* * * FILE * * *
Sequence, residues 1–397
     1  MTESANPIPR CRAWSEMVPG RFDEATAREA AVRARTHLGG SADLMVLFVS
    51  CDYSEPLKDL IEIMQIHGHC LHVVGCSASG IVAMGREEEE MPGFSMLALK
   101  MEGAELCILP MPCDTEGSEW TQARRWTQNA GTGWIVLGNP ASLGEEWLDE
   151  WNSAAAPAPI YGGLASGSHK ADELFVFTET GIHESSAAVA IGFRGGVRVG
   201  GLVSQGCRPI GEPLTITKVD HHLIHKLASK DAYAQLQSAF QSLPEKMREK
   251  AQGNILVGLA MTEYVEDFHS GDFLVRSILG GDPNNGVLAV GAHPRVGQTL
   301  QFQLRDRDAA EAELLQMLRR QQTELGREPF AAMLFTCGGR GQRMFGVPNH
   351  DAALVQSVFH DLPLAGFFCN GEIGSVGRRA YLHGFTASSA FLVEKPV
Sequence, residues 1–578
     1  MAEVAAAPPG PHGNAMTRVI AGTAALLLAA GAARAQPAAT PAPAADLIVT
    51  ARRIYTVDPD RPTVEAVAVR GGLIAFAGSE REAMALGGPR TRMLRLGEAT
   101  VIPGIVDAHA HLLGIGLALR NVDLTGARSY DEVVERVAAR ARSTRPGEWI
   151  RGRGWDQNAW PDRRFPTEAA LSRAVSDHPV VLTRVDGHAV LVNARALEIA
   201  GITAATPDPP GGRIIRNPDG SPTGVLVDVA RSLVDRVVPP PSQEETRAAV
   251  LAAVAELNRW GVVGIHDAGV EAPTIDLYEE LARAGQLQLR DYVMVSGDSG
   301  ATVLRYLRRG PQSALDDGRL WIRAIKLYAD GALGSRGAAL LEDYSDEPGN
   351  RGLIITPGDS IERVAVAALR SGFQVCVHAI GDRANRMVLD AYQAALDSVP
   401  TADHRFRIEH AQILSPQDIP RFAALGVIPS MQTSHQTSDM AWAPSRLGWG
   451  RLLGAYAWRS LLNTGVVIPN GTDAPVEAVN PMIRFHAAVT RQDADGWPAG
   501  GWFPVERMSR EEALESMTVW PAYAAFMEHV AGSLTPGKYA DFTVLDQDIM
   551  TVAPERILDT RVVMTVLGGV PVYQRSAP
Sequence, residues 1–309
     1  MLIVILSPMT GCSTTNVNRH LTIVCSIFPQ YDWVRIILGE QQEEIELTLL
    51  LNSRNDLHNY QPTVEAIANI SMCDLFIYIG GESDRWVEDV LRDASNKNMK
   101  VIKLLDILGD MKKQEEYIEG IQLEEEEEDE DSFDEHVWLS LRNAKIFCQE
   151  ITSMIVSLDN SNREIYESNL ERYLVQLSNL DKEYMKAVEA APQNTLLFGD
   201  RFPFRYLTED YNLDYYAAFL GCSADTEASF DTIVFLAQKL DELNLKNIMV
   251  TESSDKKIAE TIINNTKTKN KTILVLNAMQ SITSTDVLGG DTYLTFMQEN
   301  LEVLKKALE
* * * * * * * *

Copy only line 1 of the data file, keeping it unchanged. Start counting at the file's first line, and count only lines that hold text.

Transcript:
Sequence, residues 1–397